The Journey Backward

We talk a lot about “moving forward”—whether in a business meeting or a relationship or an aspect of personal spirituality. United States culture is generally obsessed with productivity, profit margin, and success. And we can carry that obsession into our attitude about moving forward. Progress is the key! Some of the most powerful spiritual practices, however, aid us in moving backward. The journey backward can balance our constant anxiety about going forward. What does the […]

Healing and Comfort

Sometimes God heals and comforts us, like Jesus did for Jairus’s daughter, the woman with the hemorrhage, and Peter’s mother-in-law. Sometimes God heals and comforts through us, and we find that in working to heal and comfort one another we’ve also brought great comfort to God. You Heal Us in Secret You heal us in secret and silently, when we but touch Your clothes; You say our faith is the cause; how is it You […]

After the Fever, Service

This post is based on Week Six of An Ignatian Prayer Adventure. It’s the Sabbath. Jesus must surely have been looking forward to a peaceful Sabbath meal at Simon Peter’s house, after teaching in the synagogue, curing a demoniac, and enduring the commotion that ensued (Mark 1:21–28). Instead, they told him about Simon’s mother-in-law, who “lay sick with a fever,” and he “came and took her by the hand and lifted her up. Then the […]

The Consequences of Seeing

This story is inspired by John 9:1–41, the healing of the man born blind, and Mark 10:46–52, the healing of Bartimaeus. Bartimaeus and I talked about it. His healing was immediate. Not mine. I must have looked like a fool stumbling down the road, mud on my eyes. “What was the first thing you saw?” I asked Bartimaeus. “The face of Jesus. You?” “My own reflection in the pool.” As we sat looking—just looking—at the […]

Touch Heals and Restores

While all of our senses help us to learn and to know about the world, the sense of touch is perhaps the most intimate. Our skin defines our very boundaries as physical persons and is a point of connection to other people, nature, and objects in our world. All of us had fundamental experiences of touch in our receiving nurture as babies: we were held when we were fed, rocked and soothed when upset, and […]

True Healing

“True healing happens when we allow Jesus’ mercy to enter into the deepest layers of brokenness within us,” asserts Beth Knobbe in a post titled “Jesus the Healer.” Knobbe writes: Jesus desires to go to the very depth of our pain. He sees beneath the surface to the source of our hurts, uncovering our deepest needs, even those masked by surface level scars. During this Lenten season, can I bring my own brokenness and sinfulness […]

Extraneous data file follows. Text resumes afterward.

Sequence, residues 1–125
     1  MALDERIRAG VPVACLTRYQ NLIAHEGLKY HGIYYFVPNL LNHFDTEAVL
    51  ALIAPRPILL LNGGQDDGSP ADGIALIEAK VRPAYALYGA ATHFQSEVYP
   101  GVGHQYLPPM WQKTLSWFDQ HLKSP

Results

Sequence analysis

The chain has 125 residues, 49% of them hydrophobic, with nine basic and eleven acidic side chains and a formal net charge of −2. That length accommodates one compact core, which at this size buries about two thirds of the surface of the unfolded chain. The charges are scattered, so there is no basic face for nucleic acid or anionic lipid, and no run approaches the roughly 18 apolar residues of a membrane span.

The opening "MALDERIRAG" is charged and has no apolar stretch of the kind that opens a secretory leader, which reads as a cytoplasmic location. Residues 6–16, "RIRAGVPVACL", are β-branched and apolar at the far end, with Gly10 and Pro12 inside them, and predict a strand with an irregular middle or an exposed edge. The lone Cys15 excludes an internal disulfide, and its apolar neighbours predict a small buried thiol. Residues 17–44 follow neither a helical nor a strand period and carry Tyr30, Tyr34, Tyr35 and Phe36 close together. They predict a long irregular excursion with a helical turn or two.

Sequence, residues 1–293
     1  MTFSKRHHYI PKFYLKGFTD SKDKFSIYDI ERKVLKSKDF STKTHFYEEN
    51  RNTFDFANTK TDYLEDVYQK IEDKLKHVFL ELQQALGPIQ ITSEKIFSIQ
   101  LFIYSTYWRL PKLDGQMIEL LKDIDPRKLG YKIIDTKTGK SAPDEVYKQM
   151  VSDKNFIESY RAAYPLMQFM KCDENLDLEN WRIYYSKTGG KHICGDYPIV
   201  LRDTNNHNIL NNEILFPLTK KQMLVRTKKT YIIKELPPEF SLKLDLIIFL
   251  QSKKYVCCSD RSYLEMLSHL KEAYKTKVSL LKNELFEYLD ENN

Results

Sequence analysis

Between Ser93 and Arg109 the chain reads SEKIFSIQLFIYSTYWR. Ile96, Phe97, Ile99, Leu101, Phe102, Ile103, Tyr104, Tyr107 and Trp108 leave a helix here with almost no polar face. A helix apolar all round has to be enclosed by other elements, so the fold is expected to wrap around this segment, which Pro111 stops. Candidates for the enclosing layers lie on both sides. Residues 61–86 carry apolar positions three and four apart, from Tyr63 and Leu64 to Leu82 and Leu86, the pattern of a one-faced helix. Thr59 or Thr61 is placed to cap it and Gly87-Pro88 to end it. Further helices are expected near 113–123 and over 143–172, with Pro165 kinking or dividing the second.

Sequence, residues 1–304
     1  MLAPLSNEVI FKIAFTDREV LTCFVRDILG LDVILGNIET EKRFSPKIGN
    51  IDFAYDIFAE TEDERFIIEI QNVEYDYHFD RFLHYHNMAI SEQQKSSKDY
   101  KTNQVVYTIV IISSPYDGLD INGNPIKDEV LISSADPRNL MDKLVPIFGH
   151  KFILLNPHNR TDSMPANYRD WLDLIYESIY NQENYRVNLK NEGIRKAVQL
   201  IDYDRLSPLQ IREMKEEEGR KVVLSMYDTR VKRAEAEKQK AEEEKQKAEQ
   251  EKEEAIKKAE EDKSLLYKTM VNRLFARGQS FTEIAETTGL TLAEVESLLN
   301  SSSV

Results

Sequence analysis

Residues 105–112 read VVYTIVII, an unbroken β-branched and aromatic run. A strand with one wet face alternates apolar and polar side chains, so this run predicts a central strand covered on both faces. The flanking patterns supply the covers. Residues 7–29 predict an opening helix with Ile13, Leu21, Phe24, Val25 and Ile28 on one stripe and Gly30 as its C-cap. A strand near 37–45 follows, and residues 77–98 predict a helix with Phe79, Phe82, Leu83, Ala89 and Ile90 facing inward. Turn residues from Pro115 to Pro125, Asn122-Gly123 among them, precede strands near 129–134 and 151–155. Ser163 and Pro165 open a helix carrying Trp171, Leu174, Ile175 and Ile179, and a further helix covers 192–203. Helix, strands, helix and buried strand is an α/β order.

Healing the Wounds

In his recent interview, Pope Francis said, “Christian hope”¦is a theological virtue and therefore, ultimately, a gift from God.” As I read those words, I could not help but think of the sign of hope, a gift from God, that Pope Francis is to me. It is not because he is rebuking Church teaching—which he isn’t—or because he is making a stance with one interpretation of the Church versus another. It is simply because of who he […]

God’s Gaze

One of the biggest revelations one can have in prayer is that he or she is loved, especially those who have experienced trauma or abandonment. When I was a hospital chaplain I would often recommend this prayer: imagine God gazing down on you and ask yourself how he feels. This prayer is Ignatian in that it is inspired by the meditation on the Incarnation, which involves the Trinity looking down on the world. God’s gaze […]

What Does God Think of You?

“Imagine God thinking about you. What do you assume God feels when you come to mind?” That question begins David Benner’s Surrender to Love which I have been reading recently.  In our heads we mostly know what the correct answer is, or should be: Of course God loves us.  But deep in our hearts, it’s not that easy.  Our sense of being a disappointment or of being a sinner or of simply not being all […]